The Radical Future of Branding

Last week the Fast Company design blog checked in with some leading brand strategists to identify the trends that the pros think are going to influence branding in the year ahead. One thing is clear, the would-be authoritarian regime that has taken over the White House, combined with powerful new technologies, is having deep impact way beyond just the political sphere. Here are their five key predictions.

Brands will radicalize

Once one simply didn’t talk about politics in business, After all, why risk alienating as much as 50% of your audience? But that was then.

“As a reflection of the changing political tides, many brands will evolve from ‘mission-driven’ to ‘activist,’ encouraging consumers to go beyond simply subscribing to a set of core values and driving them to participate in actions to defend them,” says Geoff Cook, partner at the branding agency Base Design. “In choosing sides, brands will alienate certain consumers, yes, but will galvanize an impassioned constituency in the process.”

Brands will finally stop trying to trick you

Trump’s pathological lying could affect brands another way: It could actually persuade them to tell the truth.

“2016 was one expression after another of an unprecedented collapse of people’s trust in established institutions,” says John Paolini, partner and executive creative director at Sullivan. “In 2017, this macro-societal trend will impact brands, creating pervasive skepticism among consumers in how they perceive the messages and promises companies are making to them. This sense of distrust and suspicion will catalyze a brand neo-traditionalism.” Brands will be stripped down to their essential parts, their narratives made simpler and more transparent. “Honesty will reign,” Paolini says. “Successful branding will have fewer tricks and more truth.”

Symbols will become more than graphic icons

Sagi Haviv, partner at the graphic design firm Chermayeff & Geismar & Haviv, believes the era of traditional symbol-based logos has drawn to a close. “When my partners Tom Geismar and Ivan Chermayeff were designing logos in 1957, the year our firm began, practically any conceivable geometric shape was available for trademarking,” he says. “Today it seems like every conceivable shape has been done. . . . As a result, both designers and clients have started to associate graphic logo design with trademark infringement, and many of them are deciding to play it safe by simply rendering the name alone, without a distinctive graphic icon.”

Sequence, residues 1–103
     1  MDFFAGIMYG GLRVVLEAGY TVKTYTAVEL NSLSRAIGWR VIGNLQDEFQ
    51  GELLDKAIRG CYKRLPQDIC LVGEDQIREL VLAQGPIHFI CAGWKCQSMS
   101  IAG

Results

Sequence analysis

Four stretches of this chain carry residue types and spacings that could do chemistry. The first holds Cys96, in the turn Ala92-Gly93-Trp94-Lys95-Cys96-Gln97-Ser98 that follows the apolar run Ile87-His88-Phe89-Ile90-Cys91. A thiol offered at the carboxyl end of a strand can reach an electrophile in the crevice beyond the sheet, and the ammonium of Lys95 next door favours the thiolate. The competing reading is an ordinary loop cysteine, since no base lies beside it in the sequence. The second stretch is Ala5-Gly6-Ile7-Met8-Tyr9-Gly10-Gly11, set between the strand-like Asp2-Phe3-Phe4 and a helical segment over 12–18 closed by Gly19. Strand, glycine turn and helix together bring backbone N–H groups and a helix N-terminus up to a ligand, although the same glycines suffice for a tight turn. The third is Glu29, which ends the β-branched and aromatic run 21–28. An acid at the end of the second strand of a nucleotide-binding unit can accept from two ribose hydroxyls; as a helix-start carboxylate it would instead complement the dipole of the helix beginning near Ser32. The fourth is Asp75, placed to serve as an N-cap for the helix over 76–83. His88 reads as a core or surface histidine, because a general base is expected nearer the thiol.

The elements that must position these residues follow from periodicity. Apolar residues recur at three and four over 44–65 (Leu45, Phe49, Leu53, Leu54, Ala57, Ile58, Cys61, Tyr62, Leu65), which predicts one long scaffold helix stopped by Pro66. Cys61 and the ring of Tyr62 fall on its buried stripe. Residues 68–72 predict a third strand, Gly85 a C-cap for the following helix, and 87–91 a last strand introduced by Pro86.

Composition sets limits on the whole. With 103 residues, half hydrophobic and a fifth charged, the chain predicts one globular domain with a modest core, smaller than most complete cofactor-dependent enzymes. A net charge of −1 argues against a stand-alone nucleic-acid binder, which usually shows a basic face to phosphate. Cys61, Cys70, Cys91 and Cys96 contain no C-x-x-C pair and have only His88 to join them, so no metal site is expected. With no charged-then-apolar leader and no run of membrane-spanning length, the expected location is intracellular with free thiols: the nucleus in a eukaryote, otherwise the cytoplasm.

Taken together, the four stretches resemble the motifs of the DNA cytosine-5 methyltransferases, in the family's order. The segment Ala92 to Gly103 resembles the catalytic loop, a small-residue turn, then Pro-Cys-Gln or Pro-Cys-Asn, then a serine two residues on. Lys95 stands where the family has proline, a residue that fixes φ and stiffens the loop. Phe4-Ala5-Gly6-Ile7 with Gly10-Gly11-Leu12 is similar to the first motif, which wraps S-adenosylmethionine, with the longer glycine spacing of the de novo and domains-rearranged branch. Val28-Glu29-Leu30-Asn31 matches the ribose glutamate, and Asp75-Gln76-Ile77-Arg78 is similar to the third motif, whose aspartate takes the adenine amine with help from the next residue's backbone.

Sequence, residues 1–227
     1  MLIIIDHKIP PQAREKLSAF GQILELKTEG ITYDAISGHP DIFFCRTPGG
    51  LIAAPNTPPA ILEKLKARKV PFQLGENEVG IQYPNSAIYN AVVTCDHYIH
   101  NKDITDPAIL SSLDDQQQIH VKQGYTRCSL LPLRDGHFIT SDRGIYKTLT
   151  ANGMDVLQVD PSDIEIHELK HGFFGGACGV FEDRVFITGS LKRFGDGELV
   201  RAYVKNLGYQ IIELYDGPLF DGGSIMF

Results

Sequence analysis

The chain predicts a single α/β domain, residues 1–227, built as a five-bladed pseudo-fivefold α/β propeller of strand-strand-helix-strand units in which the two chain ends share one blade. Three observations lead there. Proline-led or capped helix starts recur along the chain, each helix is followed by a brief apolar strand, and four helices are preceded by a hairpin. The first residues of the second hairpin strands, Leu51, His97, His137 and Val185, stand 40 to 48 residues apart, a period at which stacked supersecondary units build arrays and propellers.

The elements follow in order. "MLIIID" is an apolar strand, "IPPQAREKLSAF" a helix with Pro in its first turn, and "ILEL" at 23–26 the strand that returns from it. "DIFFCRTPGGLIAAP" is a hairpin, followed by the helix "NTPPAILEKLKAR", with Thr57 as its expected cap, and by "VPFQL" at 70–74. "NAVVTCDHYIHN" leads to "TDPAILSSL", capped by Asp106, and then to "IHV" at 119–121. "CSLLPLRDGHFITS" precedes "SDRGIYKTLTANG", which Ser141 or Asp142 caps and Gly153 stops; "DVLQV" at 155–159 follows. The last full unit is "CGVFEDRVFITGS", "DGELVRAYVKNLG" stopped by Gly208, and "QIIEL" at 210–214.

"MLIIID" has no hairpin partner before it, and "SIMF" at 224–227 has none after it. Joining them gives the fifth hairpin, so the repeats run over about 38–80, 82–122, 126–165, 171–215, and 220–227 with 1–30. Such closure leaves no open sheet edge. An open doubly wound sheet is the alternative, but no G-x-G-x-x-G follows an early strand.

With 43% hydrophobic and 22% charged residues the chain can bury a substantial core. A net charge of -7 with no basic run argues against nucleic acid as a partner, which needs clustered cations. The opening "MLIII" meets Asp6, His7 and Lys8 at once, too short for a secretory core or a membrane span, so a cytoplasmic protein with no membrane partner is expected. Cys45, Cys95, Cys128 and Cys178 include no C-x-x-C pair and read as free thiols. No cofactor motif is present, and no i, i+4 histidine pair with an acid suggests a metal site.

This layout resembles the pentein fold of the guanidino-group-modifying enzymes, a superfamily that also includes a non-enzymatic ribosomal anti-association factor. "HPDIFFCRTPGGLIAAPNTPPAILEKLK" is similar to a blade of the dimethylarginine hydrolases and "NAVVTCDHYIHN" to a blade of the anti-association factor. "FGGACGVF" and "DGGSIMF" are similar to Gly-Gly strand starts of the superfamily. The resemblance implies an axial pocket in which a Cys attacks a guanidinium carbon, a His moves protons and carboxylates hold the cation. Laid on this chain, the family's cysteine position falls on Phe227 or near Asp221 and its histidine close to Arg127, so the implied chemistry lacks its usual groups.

Or, that icon might have a more literal meaning. I’ve mentioned the brilliance of the Amazon logo that features a broad, brushstroke arrow that links ‘A’ to ‘Z’ and makes a smile at once. Haviv holds up how “The hotel booking app HotelTonight turned its logo, a bed-shaped “H,” into a user interface element that consumers swipe to confirm a purchase.”

The visual language of VR will creep into meatspace

Yes, VR is a currently hot marketing tool, suggesting to some that it’s already irrelevant. But James Trump, creative director at Moving Brands in San Francisco notes “But there’s so much more that can be done. It’s new ground, and we haven’t really scratched the surface.”

“Brands will start to be influenced by and borrow from the visual style of VR,” he says. “I can imagine this playing out in lots of ways—combining flat and 3D elements, more spatial-feeling typography, and more layering to imagery.”

AI will force brands to examine their ethics

Things get a whole less clear when you consider the power and reach of Artificial Intelligence.

Whether through chatbots or voice assistants like Amazon’s Alexa and Apple’s Siri, brands can now speak directly to customers. On one hand, this lets companies cater their message to individual consumers, which could potentially reduce the annoying, spray-and-pray approach of most marketing today. As David Schwarz, partner at the experience design agency HUSH, puts it: “Much like your Facebook or Instagram timeline is both personally and algorithmically curated, branding will be more in the eye of the beholder than in the eye of top-down business leadership.”

On the other hand, companies now have unprecedented access to our lives. Schwarz asks “Will we all just be consumer pinballs, being knocked around a manipulation machine? Will regulators be able to keep up? Will social niceties allow big data to meld with big manipulation, so we’re sweet-talked into supersizing before we’re shamed by a drill instructor into exercising it off?”

I, for one, want to believe that trends 1 and 2 – that brands will radicalize and stop trying to trick you will provide the moral rudder needed to guide companies’ integration of AI into their operations. Then again, I never, ever believed that Trump could steal our democracy, either. Of course, I never did trust his brand.

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